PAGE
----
• Levý, Jiří. 1957. České theorie překladu. Prague: SNKLHU.

    Written in Czech, this massive tome, about a thousand pages in length, presents the sum of the work of this experienced translator and early translation theorist.

  • Levý, Jiří. 1969. Die literarische Übersetzung. Bonn, Germany: Athenäum.

    Selections from Levý’s writings in German translation, with a focus on the translation of literary works. For the present-day reader, the book is worth consulting mainly for its rich illustrative material and experience-based commentary. It is written in a witty and accessible essayistic style.

  • Levý, Jiří. 2011. The art of translation. Amsterdam: John Benjamins.

    DOI: 10.1075/btl.97

    Selections from Levý’s writings in English translation.

  • Lewis, Mark. 1671. Institutio grammaticae puerilis: Or The rudiments of the Latine and Greek tongues; Fitted to childrens capacities as an introduction to larger grammars. London.

    Quoted above (from Early English Books Online, original held in the Folger Shakespeare Library, Washington DC) for its early informal formulation of the contrastive hypothesis, this book also contains the controversial assertion that “Whatever Tongue hath less Grammar than the English, is not intelligible: Whatever hath more, is superfluous,” which has never been seriously followed up on in later contrastive work.

  • Mathesius, Vilém. 1964. On linguistic characterology with illustrations from modern English. In A Prague school reader in linguistics. Edited by Josef Vachek, 59–67. Bloomington: Indiana Univ. Press.

    A reprint of Mathesius’s original 1928 paper, which introduces the type of theoretically driven comparison of languages that came to be known as “linguistic characterology” in the Prague school tradition.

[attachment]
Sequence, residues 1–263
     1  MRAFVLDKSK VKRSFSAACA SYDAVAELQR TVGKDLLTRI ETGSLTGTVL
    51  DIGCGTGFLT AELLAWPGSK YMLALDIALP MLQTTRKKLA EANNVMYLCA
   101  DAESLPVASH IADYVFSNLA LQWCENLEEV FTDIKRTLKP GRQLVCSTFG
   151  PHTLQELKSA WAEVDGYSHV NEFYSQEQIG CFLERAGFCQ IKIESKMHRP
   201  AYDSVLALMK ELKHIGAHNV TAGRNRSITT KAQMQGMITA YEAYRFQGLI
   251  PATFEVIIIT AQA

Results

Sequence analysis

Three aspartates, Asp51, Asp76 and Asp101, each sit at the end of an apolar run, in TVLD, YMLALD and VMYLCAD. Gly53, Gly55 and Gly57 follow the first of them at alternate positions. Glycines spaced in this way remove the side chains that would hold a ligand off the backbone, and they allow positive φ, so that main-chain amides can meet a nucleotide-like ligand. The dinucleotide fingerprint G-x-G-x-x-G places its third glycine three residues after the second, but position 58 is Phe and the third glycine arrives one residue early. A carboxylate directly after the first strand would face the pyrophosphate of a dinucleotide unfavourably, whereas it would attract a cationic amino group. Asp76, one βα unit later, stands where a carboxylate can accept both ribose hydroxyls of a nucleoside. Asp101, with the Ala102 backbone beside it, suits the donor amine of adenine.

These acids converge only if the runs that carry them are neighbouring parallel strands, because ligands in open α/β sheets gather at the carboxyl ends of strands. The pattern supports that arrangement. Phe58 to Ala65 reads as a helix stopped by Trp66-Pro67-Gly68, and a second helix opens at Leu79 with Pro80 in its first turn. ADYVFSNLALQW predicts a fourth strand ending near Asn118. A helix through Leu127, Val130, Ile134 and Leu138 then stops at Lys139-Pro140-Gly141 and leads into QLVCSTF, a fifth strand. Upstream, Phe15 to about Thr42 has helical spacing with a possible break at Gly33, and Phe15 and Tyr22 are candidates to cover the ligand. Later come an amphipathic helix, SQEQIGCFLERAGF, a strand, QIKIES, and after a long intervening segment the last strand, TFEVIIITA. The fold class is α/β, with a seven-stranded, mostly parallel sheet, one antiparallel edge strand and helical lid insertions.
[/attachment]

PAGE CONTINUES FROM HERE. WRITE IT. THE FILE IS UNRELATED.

• Sommer, Ferdinand. 1921. Vergleichende Syntax der Schulsprachen (Deutsch, Englisch, Französisch, Griechisch, Lateinisch) mit besonderer Berücksichtigung des Deutschen. Leipzig: Teubner.

    Features parallel descriptions of the grammars of German, English, French, (Classical) Greek, and Latin, with numerous contrastive observations.

  • Viëtor, Wilhelm. 1894. Elemente der Phonetik des Deutschen, Englischen und Französischen: Mit Rücksicht auf die Bedürfnisse der Lehrpraxis. 3d ed. Leipzig: O. R. Reisland.

    Viëtor (b. 1850–d. 1918) wrote this book to draw attention to what he saw as the deplorable neglect of pronunciation and the spoken language in the classroom. The contrastive approach is considered to raise awareness of the causes of learner accents and thus improve teaching. The first edition of this work appeared under a slightly different title in 1884; for an adapted English version, see Laura Soames and Wilhelm Viëtor, Introduction to English, French and German Phonetics, 2d ed. (London: Swan Sonnenschein, 1899).

  • Wandruszka, Mario. 1969. Sprachen, vergleichbar und unvergleichlich. Munich: Piper.

    Translation criticism, focusing mainly on lexical and phraseological contrasts, with examples mostly from English, German, and the Romance languages; erudite and essayistic.